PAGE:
Microsoft loves to pump out operating system after operating system every few years. But is it really worth it to dump 100 bucks each time? Should you really upgrade from Windows Xp to Windows 7?
Here are my top 5 reasons to take the plunge, in no specific order:
1. Search function in the Start Menu
Arguably one of the most important updates to Windows 7 is the new start menu. It is extremely useful and extremely well done. This is the replacement to “start -> run”. Basically put, you enter the name of the program you want in to the search, and very quickly and effectively windows will display the results and launch the program.
This serves as a welcome alternative to crawling through the start menu “all programs” button that Windows XP so favored, or lookign through desktop icons. The new start menu in Windows 7 is extremely intuitive, quick, and the results are very relevant.
2. New Taskbar with Docked Icons
The new taskbar in Windows 7 includes the ability to not only dock icons in the “quick launch” equivalent area, but to store multiple tabs in the actual icon, via mouse hover. This saves room in the taskbar and eliminates frantic searching through overcrowded taskbars we have come to love in Windows XP.
3. Windows Explorer icon in the Taskbar
When hovering over the Windows Explorer Icon in the taskbar of Windows 7, windows will bring up all open explorers in a “preview” with live information and contents of each folder. Upon clicking on one of the folders, Windows 7 will automatically open the selected folder in full view.
This is not only more clean that Windows XP, but way more efficient for file management. It helps with browsing, file copying, zipping files, directory management and many more every day tasks that take much longer in Windows XP.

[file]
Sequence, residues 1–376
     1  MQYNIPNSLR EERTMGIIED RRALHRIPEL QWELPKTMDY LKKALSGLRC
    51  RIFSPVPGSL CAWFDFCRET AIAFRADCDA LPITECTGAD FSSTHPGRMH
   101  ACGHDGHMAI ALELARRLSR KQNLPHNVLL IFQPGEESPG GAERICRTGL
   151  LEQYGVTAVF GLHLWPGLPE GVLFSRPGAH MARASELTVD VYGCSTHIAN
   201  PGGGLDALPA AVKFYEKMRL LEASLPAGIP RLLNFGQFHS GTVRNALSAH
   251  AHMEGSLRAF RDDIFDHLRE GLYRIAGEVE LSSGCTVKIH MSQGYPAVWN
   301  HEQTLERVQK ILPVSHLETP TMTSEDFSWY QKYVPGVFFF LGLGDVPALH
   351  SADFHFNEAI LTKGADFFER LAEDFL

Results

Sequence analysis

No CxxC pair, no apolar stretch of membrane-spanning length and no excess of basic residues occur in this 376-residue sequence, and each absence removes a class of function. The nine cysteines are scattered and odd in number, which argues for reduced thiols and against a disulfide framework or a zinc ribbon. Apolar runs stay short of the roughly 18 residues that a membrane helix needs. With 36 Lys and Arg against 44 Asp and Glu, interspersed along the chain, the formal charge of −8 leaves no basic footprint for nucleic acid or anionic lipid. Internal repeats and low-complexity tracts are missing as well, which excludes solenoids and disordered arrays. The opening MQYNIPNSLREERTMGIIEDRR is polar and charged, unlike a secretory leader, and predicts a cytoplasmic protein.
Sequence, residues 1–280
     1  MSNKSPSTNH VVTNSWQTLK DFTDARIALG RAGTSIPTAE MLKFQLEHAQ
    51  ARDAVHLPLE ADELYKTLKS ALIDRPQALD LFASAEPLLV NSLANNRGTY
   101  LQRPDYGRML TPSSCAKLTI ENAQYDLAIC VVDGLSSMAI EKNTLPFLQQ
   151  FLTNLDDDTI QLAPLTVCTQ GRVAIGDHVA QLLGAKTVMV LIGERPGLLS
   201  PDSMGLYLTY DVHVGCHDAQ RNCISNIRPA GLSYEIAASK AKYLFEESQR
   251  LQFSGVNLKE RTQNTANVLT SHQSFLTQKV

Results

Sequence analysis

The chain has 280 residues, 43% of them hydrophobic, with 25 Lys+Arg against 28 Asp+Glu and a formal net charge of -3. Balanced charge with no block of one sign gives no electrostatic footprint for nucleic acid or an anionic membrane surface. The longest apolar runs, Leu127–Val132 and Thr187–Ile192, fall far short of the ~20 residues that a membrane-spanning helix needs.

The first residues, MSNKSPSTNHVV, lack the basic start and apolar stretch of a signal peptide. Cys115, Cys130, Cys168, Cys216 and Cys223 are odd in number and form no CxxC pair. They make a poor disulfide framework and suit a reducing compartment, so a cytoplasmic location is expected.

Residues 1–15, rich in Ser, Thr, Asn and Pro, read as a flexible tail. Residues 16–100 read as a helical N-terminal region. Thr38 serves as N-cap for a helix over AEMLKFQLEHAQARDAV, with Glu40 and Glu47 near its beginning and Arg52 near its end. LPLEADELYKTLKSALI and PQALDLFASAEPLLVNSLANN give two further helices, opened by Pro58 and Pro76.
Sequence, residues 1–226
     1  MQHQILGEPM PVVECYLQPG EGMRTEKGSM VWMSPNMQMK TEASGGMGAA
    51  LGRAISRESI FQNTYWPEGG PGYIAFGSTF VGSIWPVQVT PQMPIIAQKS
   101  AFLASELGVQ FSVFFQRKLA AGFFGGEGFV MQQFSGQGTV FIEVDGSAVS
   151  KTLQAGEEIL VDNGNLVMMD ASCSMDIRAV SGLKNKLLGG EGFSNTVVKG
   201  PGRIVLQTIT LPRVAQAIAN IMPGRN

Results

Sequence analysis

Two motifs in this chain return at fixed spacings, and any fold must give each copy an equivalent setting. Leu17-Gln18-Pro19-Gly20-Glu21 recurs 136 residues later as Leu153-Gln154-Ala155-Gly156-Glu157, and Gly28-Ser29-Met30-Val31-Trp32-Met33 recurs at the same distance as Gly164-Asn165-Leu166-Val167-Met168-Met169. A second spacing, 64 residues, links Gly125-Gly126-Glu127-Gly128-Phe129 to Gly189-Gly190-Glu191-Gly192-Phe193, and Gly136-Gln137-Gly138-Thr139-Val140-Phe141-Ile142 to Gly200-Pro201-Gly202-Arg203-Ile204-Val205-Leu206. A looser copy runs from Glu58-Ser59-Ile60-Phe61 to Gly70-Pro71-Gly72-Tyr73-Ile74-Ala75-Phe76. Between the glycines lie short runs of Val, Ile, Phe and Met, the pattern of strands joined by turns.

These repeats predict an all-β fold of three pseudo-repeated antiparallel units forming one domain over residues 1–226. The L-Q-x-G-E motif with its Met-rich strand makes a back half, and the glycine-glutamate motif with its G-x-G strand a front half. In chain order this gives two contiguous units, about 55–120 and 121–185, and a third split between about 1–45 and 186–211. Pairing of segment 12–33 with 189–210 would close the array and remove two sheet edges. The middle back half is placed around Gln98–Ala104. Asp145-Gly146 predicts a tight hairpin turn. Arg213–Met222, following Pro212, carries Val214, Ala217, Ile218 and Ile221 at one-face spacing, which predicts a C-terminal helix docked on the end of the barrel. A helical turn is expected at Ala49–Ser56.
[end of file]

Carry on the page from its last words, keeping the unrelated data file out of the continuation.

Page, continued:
4. Recent Files in all Programs in the Start Menu
When hovering over any program located in the Start Menu, Windows 7 will automatically show you the most recent files associated with the program. This is probably one of my favorite features added by Windows 7. In Windows XP, this was available via the recent files folder, however the new layout makes far more sense is far more accessible.
5. Simple Window Cascading / Tiling / Maximizing
In Windows XP, cascading Windows wasn’t necessarily hard to do, but it definitely wasn’t as streamlined as it is in Windows 7. By dragging a windows by the title bar to the side, top or bottom of the monitor, Windows 7 will automatically side align or maximize the windows. This is very helpful when doing research related tasks, as having two windows open is a major time management tool.
Another excellent use for this is quick maximization and minimization. Once you become accustomed to using these quick features, you will be wondering how you got along without them.
Windows 7 seems to have focused on ease of use. It may not be more sophisticated, but Windows 7 is certainly easier and faster to use than Windows XP. I strongly recommend the upgrade, it is definitely worth the investment and you will wish you did this sooner.